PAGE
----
EDITING 101: 64 – Story Organization…

Adirondack Editing is back with the last post of the series. I am so sorry to see it end and hope to see Susan back with another series for us! Thanks to both Susan and Chris for the wonderful tips!

Chris The Story Reading Ape's Blog

Story Organization

We talked briefly about this in Article #21, “Plotting.”  But now I’d like to go into a little more detail about it.

Whether you’re a plotter or a pantser, you’re simply going to have to keep track of some details, especially if your book deals with the passage of time. And that’s just about every book ever written—whether it’s only one day throughout the whole book or a number of years, or even decades or centuries. You must keep track of what is going on when. In addition to tracking time, you can also plot out your story arc (to be the theme of a future article), false clues (red herrings), foreshadowing, and other details.

As I said in Article #21, some authors use white boards or bulletin boards, notebooks or pads of paper, sticky notes, index cards, or…walls. And then there are those who avail themselves…

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EDITING 101: 63 – Are you overwhelming your social media followers?

Are you overwhelming your social media followers? Here are some great tips how to keep friends! Brought to us by Adirondack Editing. 🙂

Chris The Story Reading Ape's Blog

Are you overwhelming your social media followers?

Yes, yes—all authors are told to market. You need sales! You need reviews! You need readers! You need beta readers! You need to catch the eye of an agent or publisher! So off you scurry and spend as much time as possible reposting your blog articles or inserting links to them everywhere you can.

Unfortunately, there is something known as “too much of a good thing.” Even your most loyal followers may unsubscribe if they get tired of seeing the same posts everywhere. This is called “social media fatigue,” and you definitely want to avoid it! Think of any popular commercial that seems to play endlessly on several channels for months at a time. You may be able to quote it word for word, but how likely is it that you’ll actually purchase the item?

Linking all your accounts may be easy for…

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The WordPress ‘Press This’ Sharing Button Is Back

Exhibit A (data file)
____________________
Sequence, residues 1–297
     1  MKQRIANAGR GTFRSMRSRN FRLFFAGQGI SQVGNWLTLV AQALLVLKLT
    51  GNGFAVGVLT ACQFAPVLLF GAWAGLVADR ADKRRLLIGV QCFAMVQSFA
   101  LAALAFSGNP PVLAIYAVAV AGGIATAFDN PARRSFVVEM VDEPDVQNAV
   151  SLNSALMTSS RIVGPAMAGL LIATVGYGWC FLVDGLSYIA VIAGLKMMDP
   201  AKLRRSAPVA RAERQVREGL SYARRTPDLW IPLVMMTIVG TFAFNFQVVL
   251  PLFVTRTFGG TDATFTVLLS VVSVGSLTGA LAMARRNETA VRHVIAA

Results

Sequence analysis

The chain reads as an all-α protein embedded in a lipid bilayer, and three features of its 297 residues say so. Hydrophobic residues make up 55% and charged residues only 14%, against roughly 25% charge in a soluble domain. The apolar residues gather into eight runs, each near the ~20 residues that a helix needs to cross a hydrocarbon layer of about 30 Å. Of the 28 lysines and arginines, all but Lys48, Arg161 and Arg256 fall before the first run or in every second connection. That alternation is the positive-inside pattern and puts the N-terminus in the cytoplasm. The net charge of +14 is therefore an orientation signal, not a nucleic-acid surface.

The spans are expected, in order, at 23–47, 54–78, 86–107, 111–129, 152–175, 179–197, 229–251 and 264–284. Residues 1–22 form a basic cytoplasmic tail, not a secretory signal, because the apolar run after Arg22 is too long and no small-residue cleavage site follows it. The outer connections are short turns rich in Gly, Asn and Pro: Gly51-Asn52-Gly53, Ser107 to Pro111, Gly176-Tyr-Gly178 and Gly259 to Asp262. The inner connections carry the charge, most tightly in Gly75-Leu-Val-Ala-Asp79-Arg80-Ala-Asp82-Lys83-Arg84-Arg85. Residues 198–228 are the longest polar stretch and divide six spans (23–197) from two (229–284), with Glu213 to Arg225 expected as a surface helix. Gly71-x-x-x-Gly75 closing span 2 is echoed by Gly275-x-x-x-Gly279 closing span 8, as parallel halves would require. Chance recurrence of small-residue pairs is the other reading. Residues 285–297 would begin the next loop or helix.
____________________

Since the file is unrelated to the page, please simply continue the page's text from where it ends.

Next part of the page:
Be sure to watch Hugh’s video on his original blog! Thanks! 🙂

Hugh's Views & News

It’s back! Yes, ‘Press This’ is back, but it’s different to what it used to look like.

#bloggingtips #blogging #PressThis #WordPress

Check out my video, and I’ll show you what’s different.

© 2017 Copyright-All rights reserved-hughsviewsandnews.com.

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What To Do Now WordPress Have Deleted The ‘Press This’ Sharing Button

Thank you, Hugh, for informing everyone about this. I personally have never used it, I’ve only reblogged. It is good to know. It is too bad that WP didn’t inform us. Has anyone else had issues with Press This? Let me know! 🙂

Hugh's Views & News

I never believed I would say these words to you but, if you have the ‘Press This’ sharing button on your blog, remove it now! Why? Because it no longer works, and anyone clicking on it will get an error message.

#blogging #WordPress #bloggingtips

I was a big fan of the WordPress ‘Press This’ sharing button. In fact, it was recommended to me a few years ago by a WordPress member of staff. The person in question was shocked by how many of us were still using the reblog button rather than ‘Press This’ to share the posts of other bloggers.

According to the WordPress Happiness Engineer, I chatted with on Saturday morning, they disabled the ‘Press This’ sharing button to prevent phishing attempts. I had a long hard think about this and do recall a few occasions where some of my posts had been shared via “Press This’ on blogs that included very little…

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EDITING 101: 59 – Character Profiles…

Great tips as always from Adirondack Editing. Thanks, Susan and Chris! This is where I’m hitting a snag in my plotting. Hopefully, this will get me over the hump! 🙂

Chris The Story Reading Ape's Blog

Originally posted as the Dun Writin’—Now Whut? series on this blog, EDITING 101 is a weekly refresher series for some of you and brand new for others.

Courtesy ofAdirondack Editing

Character Profiles

Whether you’re a plotter or a pantser (101:21), I’m almost 100% certain that at some point, you’ll have to keep track of your characters’ details. The plotter/pantser post also covered some practical ways that some authors make sure these details are fresh in their minds—or, at least, quickly available.

However, before you can list these precious tidbits of information, you have to either discover them (if your story leads you) or decide on them (if you lead your story). The obvious information is focused on physical appearance: eye color, hair color, stature, body shape, etc. But sometimes authors neglect to round out their profiles with other information that can play a critical part in your story. I’m talking about…

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EDITING 101: 58 – Showing Character Emotion…

Excellent tips (as always) from Adirondack Editing! Show don’t tell! 🙂

Chris The Story Reading Ape's Blog